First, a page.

Hyderabad, Oct 28 (IANS) In the ever-evolving landscape of global health, stroke continues to cast a long shadow, affecting millions of lives each year.
With the predicted 12 million stroke-related deaths and 60 million stroke survivors worldwide by 2030, it’s evident that understanding the nuances of stroke incidence, risk factors, and recovery is of utmost importance.
Stroke Incidence on the Rise Stroke, the fourth leading cause of death in India, poses a significant health challenge. Despite this, data on the long-term outcomes of stroke patients in India are relatively scarce.
In a ‘Five-Year Retrospective Cohort Study of survivability and functional outcomes of stroke patients following hospital admission’ involving 118 patients, researchers noted that hypertension was the predominant risk factor among admitted patients.
Hypertension, diabetes mellitus, and tobacco use were enumerated as common risk factors in an Indo-US collaborative stroke project conducted across five high-volume academic tertiary hospitals in India.
Vascular imaging conducted at the time of admission showed a startling fact — approximately half of the patients exhibited over 50 per cent stenosis of intracranial arteries, confirming a high rate of intracranial atherosclerosis. Among the patients, 38.1 per cent were diagnosed with ischemic stroke, while 61.8 per cent were diagnosed with hemorrhagic stroke.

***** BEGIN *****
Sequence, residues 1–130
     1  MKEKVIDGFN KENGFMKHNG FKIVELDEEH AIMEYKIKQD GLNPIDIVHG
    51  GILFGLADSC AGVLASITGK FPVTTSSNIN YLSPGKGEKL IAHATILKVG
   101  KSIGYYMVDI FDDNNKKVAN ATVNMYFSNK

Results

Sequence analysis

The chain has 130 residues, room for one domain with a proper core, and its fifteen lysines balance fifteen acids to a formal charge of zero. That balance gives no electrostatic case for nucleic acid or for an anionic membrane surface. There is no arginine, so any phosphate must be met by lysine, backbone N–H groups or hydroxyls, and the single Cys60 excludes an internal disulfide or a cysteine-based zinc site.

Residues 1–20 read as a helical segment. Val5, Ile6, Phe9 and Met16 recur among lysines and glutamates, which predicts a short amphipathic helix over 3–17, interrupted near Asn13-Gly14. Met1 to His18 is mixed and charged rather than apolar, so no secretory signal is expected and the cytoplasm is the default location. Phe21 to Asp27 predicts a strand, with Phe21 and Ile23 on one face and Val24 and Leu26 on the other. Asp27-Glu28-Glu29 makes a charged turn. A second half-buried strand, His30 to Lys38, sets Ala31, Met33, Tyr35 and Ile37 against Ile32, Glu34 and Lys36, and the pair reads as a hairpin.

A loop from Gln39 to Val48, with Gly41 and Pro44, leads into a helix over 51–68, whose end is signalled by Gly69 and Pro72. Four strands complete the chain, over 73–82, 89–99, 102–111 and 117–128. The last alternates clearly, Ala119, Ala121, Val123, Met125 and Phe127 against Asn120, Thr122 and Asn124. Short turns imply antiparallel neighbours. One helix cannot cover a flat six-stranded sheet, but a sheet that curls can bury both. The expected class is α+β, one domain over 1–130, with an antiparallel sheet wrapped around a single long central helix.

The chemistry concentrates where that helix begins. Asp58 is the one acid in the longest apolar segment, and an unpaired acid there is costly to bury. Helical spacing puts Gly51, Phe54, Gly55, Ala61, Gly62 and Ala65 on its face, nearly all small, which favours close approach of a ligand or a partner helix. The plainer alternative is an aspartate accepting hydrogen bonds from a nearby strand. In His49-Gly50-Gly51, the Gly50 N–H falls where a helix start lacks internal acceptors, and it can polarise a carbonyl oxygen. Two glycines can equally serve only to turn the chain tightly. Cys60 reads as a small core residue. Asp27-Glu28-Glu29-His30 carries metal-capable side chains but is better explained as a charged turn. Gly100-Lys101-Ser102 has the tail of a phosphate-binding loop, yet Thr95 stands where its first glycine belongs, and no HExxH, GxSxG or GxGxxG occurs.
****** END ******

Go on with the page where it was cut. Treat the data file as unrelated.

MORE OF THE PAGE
The mean age of stroke incidence was approximately 58.3 years, with a majority of patients being men. Incidence among women was notably lower than in Western and Chinese populations. Long-Term Recovery Patterns Stroke’s impact doesn’t end with its initial occurrence.
Long-term recovery patterns play a crucial role in the lives of survivors. A study from Korea focused on survivors of ‘first-time stroke’ found that recovery patterns in multifaceted functional domains differed based on patient age, stroke severity, and stroke type.
Functional recovery plateaued between 12 and 18 months after stroke but declined after 30 months. Around 30.5 per cent of patients died in the hospital within zero to four weeks after the initial event, with an additional 27.1 per cent passing away during the five-year follow-up period. Furthermore, 21.1 per cent of patients experienced a recurrent stroke that proved to be fatal.
Approximately 32.4 per cent of survivors reported a significant decrease in their quality of life, but on a positive note, 40.5 per cent were fully independent, and 45.9 per cent were able to return to their occupation after five years post-stroke.
A small percentage of survivors experienced severe depression. Strategies for Prevention and Long-Term Survival Given the multifaceted nature of stroke’s impact on functional deficits, it is essential to understand the long-term recovery patterns in various domains to improve prognosis and therapeutic strategies. The data indicates that effective strategies for secondary prevention and long-term survival after stroke should be initiated as early as possible after the onset of the initial stroke.
Stroke survivors should be closely monitored for their functional recovery and behavioral and emotional improvement post-stroke.
In light of the growing global concern surrounding stroke, it is evident that a multi-faceted approach involving awareness, risk factor management, and long-term recovery support is needed to combat the far-reaching effects of this condition.
Stroke is a complex and multi-dimensional challenge, and addressing it requires a comprehensive and collaborative effort across the medical community and society at large. (The author is the founder chairman of Ucchvas Transitional Care, Hyderabad)
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